The number of members on the tripe-A team continue to dwindle. Late Monday, Moody’s Investors Service (NYSE:MCO) downgraded France’s credit rating one notch to Aa1 from AAA. Furthermore, the ratings agency said its outlook on the eurozone’s second largest economy remains negative, which will likely lead to more downgrades in the future.
Fitch is now the only ratings agency that has a triple-A rating on French debt, as Standard & Poor’s (NYSE:MHP) downgraded France in January to AA-plus, and currently has a negative outlook on the country.
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Moody’s decision to downgrade France and maintain a negative outlook boils down to the three key interrelated factors listed below from the company’s official statement.
- France’s long-term economic growth outlook is negatively affected by multiple structural challenges, including its gradual, sustained loss of competitiveness and the long-standing rigidities of its labour, goods and service markets.
- France’s fiscal outlook is uncertain as a result of its deteriorating economic prospects, both in the short term due to subdued domestic and external demand, and in the longer term due to the structural rigidities noted above.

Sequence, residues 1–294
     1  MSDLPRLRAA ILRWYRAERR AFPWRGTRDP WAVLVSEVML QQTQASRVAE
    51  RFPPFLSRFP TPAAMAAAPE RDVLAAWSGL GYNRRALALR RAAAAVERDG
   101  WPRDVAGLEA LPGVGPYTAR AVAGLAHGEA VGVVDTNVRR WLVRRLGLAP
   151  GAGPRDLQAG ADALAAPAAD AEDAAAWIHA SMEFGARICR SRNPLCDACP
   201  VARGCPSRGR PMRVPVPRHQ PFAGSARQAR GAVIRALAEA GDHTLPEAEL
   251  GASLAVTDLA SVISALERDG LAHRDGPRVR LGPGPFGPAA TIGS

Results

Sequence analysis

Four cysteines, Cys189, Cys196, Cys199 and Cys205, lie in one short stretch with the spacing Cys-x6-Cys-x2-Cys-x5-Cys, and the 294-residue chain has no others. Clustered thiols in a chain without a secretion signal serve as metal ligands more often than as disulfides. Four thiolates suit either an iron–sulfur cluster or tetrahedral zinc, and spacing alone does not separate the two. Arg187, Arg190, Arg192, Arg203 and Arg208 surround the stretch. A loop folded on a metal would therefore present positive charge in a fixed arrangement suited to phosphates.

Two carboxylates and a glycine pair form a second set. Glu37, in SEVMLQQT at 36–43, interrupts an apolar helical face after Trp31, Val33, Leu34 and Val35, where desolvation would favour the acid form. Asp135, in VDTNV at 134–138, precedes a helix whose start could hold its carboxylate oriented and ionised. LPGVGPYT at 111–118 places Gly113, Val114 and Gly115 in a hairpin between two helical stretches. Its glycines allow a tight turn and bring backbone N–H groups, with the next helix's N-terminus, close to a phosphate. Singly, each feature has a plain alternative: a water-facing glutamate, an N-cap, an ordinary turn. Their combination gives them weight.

- The predictability of France’s resilience to future euro area shocks is diminishing in view of the rising risks to economic growth, fiscal performance and cost of funding. France’s exposure to peripheral Europe through its trade linkages and its banking system is disproportionately large, and its contingent obligations to support other euro area members have been increasing. Moreover, unlike other non-euro area sovereigns that carry similarly high ratings, France does not have access to a national central bank for the financing of its debt in the event of a market disruption.
As Citigroup (NYSE:C) FX strategist Steven Englander points out, the dire conditions in France and other debt-ridden nations are nothing new. He explains, “As with the U.S. downgrade last year, little of what they cite is new and the downgrade reflects a reality that has probably long applied to France and applies to a number of the remaining Aaa countries as well.”
Moody’s explains that given the current negative outlook on France’s sovereign rating, investors should not expect an upgrade anytime soon. However, the ratings agency would consider changing its outlook to stable “in the event of a successful implementation of economic reforms and fiscal measures that effectively strengthen the growth prospects of the French economy and the government’s balance sheet.”